From Human Resources to Health Advocacy

Program graduate Donna Smith is a health-advocacy natural

Donna Smith was only four years old when she had a life-saving surgery to repair a complex congenital heart defect—and her parents’ health insurance saved them from any resulting financial hardships. She adds, “The health care system provided more answers than questions and helped guide my parents from diagnosis to recovery. The year was 1960. A lot has changed since then.”

Fast-forward to her professional career.

For 30 years, Donna had managed health insurance plans for employees of small and large employers. During that time, she saw the negative impact that plan cost increases and complexities had on the people the plans were supposed to help. So she tirelessly worked to correct their health care bills or get them proper insurance benefits.

These experiences—coupled with navigating the current health care system for her aging parents—opened Donna’s eyes to the possibility of an advocacy career. She had often wondered, “What happens to people who don’t have someone like me to help them fully understand their needs?”

Once Donna began to pursue a career in health advocacy, she wasn’t alone: Her husband, Wade, who had gone to law school and had worked in various aspects of the health care industry, also registered for our Health Advocacy program. Donna and Wade completed the program in April 2016 and October 2016, respectively, and they have since opened Capitol Healthcare Advocates in Roseville, Calif., where they live.

Curious about her switch to this burgeoning field, I asked her a few questions about this career change.

From the early influence with your own health issue to your work in human resources and insurance plans, it sounds like becoming a health care advocate was a natural career progression for you. But was starting your own business ever a career goal?

It was not until the last 10 or so years of my HR career that I began to consider starting my own business. I wanted to see if I could use the skills and knowledge obtained in corporate America to directly improve people's lives. Plus, I wanted to help and be part of my community through my work.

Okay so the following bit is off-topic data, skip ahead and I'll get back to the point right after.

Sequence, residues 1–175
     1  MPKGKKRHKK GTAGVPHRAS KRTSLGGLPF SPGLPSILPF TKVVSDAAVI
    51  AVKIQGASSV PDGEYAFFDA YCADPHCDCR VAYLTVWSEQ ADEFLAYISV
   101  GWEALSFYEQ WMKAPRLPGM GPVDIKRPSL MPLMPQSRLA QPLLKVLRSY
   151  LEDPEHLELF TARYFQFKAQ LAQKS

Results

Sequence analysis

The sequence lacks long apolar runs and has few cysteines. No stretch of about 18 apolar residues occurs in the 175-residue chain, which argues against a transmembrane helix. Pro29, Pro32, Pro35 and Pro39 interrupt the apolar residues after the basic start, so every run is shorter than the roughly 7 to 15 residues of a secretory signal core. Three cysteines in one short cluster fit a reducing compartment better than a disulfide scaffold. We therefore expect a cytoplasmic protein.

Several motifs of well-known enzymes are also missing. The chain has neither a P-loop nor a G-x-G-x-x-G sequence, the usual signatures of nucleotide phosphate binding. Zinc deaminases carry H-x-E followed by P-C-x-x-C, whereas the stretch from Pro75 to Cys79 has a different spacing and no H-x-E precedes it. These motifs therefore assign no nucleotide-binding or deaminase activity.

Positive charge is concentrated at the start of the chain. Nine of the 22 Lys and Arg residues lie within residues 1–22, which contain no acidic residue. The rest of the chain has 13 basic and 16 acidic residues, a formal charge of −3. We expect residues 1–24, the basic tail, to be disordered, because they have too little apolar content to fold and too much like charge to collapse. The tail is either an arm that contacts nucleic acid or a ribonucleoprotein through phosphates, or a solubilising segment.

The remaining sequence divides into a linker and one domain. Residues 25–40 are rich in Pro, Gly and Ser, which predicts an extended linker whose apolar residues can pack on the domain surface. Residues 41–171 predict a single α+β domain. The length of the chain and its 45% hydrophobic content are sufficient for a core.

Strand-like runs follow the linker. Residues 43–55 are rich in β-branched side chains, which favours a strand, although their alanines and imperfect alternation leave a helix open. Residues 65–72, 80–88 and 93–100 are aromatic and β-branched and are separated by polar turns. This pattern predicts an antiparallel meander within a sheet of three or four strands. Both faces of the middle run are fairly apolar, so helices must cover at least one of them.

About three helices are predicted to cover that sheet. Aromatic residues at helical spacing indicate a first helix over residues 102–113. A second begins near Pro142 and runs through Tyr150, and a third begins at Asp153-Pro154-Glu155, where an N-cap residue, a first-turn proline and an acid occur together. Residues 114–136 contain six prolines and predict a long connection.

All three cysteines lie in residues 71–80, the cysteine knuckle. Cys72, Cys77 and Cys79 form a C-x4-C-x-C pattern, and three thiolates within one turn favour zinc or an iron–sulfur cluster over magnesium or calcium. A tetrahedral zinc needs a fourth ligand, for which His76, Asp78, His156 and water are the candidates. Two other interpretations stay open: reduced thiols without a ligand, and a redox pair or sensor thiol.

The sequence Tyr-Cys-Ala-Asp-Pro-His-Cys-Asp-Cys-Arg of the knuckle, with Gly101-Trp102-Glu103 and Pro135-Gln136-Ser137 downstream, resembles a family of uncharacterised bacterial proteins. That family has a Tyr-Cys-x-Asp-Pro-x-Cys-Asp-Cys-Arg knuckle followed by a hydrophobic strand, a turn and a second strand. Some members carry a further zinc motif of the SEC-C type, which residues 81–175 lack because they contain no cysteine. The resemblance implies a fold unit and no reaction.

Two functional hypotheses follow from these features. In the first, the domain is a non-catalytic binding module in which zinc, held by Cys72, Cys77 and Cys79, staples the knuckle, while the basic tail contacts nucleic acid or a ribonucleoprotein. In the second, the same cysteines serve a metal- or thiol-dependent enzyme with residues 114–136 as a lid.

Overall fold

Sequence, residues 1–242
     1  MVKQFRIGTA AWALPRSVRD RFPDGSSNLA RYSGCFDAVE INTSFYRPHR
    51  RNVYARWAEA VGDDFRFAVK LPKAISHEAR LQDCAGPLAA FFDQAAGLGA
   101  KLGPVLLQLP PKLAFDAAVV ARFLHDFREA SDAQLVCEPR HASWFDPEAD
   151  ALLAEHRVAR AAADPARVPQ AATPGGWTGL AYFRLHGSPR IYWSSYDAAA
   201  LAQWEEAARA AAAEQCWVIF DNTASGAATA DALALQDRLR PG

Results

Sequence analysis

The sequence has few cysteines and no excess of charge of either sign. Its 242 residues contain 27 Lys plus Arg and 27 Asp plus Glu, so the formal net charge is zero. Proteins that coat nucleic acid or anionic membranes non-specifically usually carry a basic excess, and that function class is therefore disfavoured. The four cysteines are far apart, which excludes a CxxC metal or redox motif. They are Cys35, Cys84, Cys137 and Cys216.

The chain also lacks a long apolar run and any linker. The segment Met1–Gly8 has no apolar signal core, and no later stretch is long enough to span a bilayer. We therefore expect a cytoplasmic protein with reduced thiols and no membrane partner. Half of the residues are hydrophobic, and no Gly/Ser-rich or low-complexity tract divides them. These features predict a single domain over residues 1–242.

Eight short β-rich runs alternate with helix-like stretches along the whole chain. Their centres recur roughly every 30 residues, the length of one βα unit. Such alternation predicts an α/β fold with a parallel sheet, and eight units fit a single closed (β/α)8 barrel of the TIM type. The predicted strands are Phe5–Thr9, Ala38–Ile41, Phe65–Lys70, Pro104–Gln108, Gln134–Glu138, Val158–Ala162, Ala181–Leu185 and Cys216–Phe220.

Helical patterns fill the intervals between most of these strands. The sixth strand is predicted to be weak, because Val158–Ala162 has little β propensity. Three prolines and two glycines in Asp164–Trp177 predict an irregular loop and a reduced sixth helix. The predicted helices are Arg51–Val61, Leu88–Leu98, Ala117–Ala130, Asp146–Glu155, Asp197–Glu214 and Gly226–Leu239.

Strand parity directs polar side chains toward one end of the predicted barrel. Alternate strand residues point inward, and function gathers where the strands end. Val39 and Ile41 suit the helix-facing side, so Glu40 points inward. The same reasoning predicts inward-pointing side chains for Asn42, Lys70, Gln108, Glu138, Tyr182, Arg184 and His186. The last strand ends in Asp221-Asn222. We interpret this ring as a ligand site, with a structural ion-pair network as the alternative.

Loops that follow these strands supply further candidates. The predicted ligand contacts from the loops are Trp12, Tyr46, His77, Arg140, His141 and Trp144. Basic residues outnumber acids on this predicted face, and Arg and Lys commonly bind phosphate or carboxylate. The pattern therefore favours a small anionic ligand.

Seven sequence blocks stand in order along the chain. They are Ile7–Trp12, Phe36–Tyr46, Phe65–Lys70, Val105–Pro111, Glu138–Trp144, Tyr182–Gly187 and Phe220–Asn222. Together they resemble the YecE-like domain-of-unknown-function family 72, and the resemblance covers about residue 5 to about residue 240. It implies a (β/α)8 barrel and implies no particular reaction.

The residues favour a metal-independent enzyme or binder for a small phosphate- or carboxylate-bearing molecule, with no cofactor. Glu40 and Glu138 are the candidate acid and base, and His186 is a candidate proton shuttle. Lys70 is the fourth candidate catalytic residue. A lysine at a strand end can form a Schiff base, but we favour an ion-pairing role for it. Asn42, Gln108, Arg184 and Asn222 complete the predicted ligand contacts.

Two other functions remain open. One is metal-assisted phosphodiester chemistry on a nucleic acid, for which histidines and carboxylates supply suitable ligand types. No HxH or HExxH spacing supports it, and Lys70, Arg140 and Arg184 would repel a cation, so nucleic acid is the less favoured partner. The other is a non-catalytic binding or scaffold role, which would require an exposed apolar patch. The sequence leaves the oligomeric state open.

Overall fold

Why come to Extension when you live so close to Sacramento? 

Even though my home is in Roseville, on weekdays I was living in the Bay Area working for Kaiser Permanente in Oakland. And during that time, I was also trying to find a field of work that would help me achieve the goals I mentioned earlier. Because I had taken a couple of UC Berkeley Extension’s nonfiction writing courses before, I read through the catalog looking for a possible career choice. That’s when I came upon the Health Advocacy program. This seemed to be a perfect combination of my lifelong fascination with and admiration for the health care industry and my professional experience. My husband, however, did make the weekly drive from Roseville. He was simply committed to achieving this goal with me.

Your husband also has a career arc that seems to naturally lead to health advocacy. Did our program play a role in your decision to combine both of your talents and personal interests in the field? 

Yes, definitely. Initially, I was concerned a successful health advocacy business required a clinical background. However, when I spoke with instructor Joanna Smith about this during Introduction to Health Care Advocacy, she assured me that the field was diverse enough to encompass nonclinical specialties. With Joanna’s guidance and support, Wade and I realized we could combine what had really been our independent career tracks to create our business.